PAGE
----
41. 41. The dividing line for CC to be a coupling capacitor at a specific frequency can be taken as XC one-tenth or less of the series R. </li></ul>07/01/2011<br />© 2010 Universitas Negeri Jakarta | www.unj.ac.id |<br />32<br />
42. 42. 18-7: Capacitive Voltage Dividers<br />When capacitors are connected in series across a voltage source, the series capacitors serve as a voltage divider.<br />Each capacitor has part of the applied voltage.<br />The sum of all the series voltage drops equals the source voltage.<br />The amount of voltage across each capacitor is inversely proportional to its capacitance.<br />07/01/2011<br />© 2010 Universitas Negeri Jakarta | www.unj.ac.id |<br />33<br />
43. 43. 18-7: Capacitive Voltage Dividers<br />Fig. 18-9: Series capacitors divide VT inversely proportional to each C. The smaller C has more V. (a) An ac divider with more XC for the smaller C.<br />07/01/2011<br />© 2010 Universitas Negeri Jakarta | www.unj.ac.id |<br />34<br />
44. 44. 18-7: Capacitive Voltage Dividers<br />Fig. 18-9: Series capacitors divide VT inversely proportional to each C. The smaller C has more V. (b) A dc divider.<br />07/01/2011<br />© 2010 Universitas Negeri Jakarta | www.unj.ac.id |<br />35<br />
45. 45. 18-8: The General Case of Capacitive Current iC<br />The capacitive charge and discharge current ic is always equal to C(dv/dt).<br />A sine wave of voltage variations for vc produces a cosine wave of current i.<br />Note that vc and ic have the same waveform, but they are 90° out of phase.<br />07/01/2011<br />© 2010 Universitas Negeri Jakarta | www.unj.ac.id |<br />36<br />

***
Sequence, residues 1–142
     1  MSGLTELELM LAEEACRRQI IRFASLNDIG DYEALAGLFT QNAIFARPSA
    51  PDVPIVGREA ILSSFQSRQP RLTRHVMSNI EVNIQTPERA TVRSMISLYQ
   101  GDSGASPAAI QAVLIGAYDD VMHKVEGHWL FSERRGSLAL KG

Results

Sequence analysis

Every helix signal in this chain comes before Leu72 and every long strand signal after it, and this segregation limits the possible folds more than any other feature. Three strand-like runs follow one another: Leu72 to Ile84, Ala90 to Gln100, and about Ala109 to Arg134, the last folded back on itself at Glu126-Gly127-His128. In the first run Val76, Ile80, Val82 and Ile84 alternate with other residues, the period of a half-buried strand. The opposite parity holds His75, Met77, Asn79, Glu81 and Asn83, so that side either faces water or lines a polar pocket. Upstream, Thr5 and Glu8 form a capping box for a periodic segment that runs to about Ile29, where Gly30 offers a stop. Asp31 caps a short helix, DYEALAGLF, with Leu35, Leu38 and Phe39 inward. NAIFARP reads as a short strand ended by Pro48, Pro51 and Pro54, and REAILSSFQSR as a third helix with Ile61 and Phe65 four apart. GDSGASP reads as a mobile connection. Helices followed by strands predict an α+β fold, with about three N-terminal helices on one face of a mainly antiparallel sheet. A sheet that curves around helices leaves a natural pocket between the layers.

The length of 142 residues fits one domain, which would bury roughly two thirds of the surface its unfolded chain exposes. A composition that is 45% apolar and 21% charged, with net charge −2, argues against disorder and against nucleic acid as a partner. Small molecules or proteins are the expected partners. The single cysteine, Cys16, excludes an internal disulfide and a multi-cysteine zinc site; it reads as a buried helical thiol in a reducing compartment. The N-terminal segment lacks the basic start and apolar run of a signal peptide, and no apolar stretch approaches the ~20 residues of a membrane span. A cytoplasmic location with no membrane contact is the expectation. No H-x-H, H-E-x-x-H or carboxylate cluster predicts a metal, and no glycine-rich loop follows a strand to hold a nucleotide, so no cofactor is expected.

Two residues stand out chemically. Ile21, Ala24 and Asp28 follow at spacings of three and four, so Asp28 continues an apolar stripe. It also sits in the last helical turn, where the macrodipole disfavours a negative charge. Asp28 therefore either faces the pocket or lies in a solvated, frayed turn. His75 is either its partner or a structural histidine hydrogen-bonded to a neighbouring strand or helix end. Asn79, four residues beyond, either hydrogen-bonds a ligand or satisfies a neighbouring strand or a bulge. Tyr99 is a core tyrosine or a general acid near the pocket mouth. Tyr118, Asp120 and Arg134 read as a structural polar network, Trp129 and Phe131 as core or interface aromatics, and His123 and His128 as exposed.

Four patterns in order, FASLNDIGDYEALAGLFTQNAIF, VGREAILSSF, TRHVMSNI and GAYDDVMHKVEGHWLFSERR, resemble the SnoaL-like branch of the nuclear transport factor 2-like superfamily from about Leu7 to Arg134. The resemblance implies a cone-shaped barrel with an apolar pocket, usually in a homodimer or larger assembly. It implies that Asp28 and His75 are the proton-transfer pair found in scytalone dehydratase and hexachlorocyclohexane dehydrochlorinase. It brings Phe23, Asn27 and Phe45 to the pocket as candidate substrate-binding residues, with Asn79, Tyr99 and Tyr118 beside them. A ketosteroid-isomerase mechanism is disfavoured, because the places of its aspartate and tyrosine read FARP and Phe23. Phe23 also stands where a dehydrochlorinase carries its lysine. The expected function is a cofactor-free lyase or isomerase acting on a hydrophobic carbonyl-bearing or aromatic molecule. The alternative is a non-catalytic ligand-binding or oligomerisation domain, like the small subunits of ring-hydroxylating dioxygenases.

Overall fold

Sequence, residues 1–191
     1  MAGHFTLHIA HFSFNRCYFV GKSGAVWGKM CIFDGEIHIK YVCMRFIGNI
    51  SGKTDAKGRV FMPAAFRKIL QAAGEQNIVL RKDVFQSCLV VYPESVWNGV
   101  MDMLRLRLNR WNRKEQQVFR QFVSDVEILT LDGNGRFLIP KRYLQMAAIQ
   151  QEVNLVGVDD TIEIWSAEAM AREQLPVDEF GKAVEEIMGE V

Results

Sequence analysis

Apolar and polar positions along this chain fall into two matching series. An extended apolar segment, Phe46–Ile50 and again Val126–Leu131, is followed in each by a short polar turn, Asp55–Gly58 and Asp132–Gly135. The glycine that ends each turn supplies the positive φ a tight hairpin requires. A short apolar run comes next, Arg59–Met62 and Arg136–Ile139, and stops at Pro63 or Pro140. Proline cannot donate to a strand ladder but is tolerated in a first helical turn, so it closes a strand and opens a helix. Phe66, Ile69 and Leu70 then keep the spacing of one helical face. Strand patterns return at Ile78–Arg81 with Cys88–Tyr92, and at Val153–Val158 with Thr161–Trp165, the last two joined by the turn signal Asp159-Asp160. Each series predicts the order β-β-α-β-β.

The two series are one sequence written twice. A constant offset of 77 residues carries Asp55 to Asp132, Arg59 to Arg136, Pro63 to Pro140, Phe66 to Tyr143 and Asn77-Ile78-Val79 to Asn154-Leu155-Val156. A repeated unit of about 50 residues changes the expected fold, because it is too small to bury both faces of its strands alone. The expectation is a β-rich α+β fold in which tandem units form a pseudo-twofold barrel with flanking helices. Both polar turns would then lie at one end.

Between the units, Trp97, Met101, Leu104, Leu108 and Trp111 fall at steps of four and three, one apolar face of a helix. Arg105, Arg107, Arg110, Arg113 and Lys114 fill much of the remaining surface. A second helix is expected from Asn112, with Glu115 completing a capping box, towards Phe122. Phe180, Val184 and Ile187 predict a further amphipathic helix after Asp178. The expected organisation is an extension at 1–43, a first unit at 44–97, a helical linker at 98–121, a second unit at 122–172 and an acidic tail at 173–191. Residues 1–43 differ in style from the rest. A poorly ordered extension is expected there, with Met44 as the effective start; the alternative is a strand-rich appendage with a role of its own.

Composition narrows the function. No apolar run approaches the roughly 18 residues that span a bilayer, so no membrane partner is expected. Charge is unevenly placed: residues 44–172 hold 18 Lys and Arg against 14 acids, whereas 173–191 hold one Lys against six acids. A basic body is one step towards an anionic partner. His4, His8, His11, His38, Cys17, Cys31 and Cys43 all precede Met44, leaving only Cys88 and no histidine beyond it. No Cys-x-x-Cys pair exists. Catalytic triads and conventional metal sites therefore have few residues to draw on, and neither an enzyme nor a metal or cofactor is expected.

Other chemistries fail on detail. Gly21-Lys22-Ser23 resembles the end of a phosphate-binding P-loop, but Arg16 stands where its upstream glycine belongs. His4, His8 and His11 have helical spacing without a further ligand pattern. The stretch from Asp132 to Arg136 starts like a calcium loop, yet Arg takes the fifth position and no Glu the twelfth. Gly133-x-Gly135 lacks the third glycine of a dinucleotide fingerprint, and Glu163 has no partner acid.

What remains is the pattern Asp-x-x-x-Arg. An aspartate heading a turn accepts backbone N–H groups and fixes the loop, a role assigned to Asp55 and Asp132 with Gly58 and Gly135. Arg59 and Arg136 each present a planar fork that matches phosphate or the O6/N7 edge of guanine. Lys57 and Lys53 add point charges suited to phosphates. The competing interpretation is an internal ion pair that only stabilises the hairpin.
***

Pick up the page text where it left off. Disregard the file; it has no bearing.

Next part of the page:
46. 46. 18-8: The General Case of Capacitive Current iC<br />XC is generally used for calculations in sine-wave circuits.<br />Since XC is 1/(2πfC), the factors that determine the amount of charge and discharge current are included in f and C.<br />With a nonsinusoidal waveform for voltage vc, the concept of reactance cannot be used. (Reactance XC applies only to sine waves).<br />07/01/2011<br />© 2010 Universitas Negeri Jakarta | www.unj.ac.id |<br />37<br />
47. 47. 07/01/2011<br />© 2010 Universitas Negeri Jakarta | www.unj.ac.id |<br />38<br />TerimaKasih<br />